drugs. The traffickers actually get this poison, this synthetic drug, 
through the U.S. mail system. Right now, it is difficult to detect 
these packages coming from overseas before it is way too late. Unlike 
private carriers such as UPS, FedEx, or others, the Postal Service does 
not require electronic Customs data for packages coming into the 
country, so we don't know what is coming in. This makes dangerous 
packages containing drugs such as fentanyl or Carfentanil or U-4 that 
much harder to stop.
  We have had hearings on this issue in the Senate. In June, the 
Judiciary Committee held a hearing on synthetic drugs. A witness 
testified that because of this loophole of the Postal Service not 
requiring the information but the private carriers requiring it, 
getting these drugs into our communities was easier and that the drug 
traffickers used the mail system. To me, it is a loophole.
  The Homeland Security Committee on which I sit has also held hearings 
and a roundtable discussion on the flow of fentanyl and other synthetic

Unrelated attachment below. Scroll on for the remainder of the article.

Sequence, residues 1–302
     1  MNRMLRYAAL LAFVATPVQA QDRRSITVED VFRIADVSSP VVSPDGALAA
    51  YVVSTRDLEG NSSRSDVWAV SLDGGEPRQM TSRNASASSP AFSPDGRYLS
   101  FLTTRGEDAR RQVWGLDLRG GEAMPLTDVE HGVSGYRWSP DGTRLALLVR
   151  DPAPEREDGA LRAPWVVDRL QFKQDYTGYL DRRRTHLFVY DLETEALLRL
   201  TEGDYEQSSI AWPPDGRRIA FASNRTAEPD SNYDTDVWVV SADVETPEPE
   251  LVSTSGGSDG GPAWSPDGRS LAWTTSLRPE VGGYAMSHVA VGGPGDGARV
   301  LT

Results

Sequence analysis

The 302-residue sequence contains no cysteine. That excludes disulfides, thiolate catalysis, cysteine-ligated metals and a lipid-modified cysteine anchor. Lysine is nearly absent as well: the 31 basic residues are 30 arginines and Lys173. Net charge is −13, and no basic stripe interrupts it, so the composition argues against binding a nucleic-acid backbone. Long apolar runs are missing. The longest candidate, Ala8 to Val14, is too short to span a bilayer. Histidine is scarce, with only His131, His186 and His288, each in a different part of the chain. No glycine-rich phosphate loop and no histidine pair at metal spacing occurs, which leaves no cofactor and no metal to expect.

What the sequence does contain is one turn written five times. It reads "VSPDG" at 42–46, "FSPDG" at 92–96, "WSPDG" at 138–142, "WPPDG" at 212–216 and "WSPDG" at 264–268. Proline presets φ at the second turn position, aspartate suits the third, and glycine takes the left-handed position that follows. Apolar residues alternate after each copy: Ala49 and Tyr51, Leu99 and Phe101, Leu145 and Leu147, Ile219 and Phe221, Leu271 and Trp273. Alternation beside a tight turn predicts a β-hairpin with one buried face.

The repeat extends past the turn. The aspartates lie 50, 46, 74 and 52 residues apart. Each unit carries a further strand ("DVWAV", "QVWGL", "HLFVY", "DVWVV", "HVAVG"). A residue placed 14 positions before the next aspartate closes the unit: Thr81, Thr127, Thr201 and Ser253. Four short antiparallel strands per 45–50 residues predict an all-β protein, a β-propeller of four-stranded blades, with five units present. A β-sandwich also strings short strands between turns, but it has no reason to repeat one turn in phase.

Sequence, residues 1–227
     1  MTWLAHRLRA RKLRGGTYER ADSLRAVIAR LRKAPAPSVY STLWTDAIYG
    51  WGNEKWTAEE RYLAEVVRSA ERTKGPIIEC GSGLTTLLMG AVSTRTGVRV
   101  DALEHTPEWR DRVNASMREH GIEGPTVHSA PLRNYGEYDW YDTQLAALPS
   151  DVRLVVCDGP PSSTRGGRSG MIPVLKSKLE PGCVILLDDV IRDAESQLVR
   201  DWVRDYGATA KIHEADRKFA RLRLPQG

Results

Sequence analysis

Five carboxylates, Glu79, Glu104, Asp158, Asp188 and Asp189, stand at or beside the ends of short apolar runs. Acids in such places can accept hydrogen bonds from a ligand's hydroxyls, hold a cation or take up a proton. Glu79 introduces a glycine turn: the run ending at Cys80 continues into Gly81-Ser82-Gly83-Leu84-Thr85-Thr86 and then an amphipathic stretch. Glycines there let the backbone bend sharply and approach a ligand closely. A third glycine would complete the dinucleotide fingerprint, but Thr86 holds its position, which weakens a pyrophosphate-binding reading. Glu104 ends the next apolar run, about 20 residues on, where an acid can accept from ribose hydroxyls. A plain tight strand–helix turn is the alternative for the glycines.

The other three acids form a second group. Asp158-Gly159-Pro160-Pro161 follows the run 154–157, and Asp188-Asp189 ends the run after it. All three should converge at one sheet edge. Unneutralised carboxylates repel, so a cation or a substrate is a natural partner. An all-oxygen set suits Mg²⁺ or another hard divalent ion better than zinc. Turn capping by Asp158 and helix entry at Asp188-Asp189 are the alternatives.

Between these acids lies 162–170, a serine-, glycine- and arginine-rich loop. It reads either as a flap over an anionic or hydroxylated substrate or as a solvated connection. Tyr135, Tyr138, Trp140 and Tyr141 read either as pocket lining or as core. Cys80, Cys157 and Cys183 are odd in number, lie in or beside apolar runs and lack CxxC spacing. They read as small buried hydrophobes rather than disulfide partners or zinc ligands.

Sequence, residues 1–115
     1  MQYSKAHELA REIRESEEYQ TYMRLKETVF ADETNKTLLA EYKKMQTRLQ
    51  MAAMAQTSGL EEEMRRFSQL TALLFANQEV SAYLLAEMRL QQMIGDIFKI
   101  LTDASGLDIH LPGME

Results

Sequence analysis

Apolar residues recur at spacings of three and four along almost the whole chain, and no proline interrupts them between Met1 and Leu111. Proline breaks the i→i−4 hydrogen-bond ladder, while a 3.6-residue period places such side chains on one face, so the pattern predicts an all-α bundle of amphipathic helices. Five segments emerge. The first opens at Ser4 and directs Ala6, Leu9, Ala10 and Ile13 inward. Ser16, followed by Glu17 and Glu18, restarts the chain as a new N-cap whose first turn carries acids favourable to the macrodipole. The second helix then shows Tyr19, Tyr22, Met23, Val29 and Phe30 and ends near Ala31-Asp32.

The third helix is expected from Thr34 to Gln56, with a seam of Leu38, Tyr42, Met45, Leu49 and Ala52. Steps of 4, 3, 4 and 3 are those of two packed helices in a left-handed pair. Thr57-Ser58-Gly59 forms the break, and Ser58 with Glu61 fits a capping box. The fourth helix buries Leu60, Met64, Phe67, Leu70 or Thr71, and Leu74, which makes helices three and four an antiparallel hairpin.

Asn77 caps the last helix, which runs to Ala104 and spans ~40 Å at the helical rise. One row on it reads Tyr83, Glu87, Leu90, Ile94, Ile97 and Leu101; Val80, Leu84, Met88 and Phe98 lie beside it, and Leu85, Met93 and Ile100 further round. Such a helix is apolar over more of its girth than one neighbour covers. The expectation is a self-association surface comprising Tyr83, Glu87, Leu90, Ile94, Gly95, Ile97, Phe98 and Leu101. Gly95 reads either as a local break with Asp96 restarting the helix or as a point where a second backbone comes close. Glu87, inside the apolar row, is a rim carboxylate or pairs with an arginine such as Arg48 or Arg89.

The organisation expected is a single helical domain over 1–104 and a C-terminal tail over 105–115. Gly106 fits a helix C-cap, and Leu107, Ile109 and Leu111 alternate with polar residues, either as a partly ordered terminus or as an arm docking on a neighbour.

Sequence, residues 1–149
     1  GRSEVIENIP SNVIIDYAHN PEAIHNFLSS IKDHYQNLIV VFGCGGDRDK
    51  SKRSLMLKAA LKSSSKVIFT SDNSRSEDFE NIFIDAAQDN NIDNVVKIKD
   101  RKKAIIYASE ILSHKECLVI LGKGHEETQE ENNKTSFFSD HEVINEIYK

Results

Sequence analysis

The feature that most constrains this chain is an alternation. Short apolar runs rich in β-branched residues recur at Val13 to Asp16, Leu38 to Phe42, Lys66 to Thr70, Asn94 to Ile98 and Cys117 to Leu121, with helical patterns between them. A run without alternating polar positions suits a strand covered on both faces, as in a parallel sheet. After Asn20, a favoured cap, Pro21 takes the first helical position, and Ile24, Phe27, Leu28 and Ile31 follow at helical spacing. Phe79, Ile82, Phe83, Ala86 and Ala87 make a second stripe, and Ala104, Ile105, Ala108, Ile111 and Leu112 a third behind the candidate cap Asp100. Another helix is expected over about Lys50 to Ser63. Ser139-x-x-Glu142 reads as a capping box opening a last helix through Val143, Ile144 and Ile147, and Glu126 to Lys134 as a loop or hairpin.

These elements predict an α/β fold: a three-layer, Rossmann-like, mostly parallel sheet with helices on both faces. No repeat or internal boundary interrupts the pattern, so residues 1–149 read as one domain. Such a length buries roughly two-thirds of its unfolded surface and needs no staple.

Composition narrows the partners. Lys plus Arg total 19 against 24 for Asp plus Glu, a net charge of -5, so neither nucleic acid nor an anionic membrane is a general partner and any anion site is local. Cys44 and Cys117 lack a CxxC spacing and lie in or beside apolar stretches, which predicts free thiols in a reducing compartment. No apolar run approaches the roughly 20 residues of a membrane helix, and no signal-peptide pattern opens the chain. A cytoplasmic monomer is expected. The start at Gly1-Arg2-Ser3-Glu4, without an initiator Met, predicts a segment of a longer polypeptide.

forms of heroin into this country. We learned the same thing--that 
there is this discrepancy between how the mail system handles it and 
how private carriers handle it.
  Today I have introduced legislation to address the threat of 
synthetic drugs by simply closing that loophole, simply saying that 
with regard to packages coming from overseas, the Postal Service should 
require advanced electronic data so we know what is in these packages. 
This would include information such as who and where it is coming from, 
where it is going, and what is in it.
  As Customs and Border Patrol--the border protection people--has told 
us, this information will provide a much better tool to law enforcement 
to help them ensure that these dangerous drugs won't end up in the 
hands of drug traffickers who then sell these dangerous drugs in our 
communities. It will make our streets safer and save lives by helping 
to prevent overdoses. I think it is a commonsense idea that builds on 
CARA, the Comprehensive Addiction and Recovery Act, because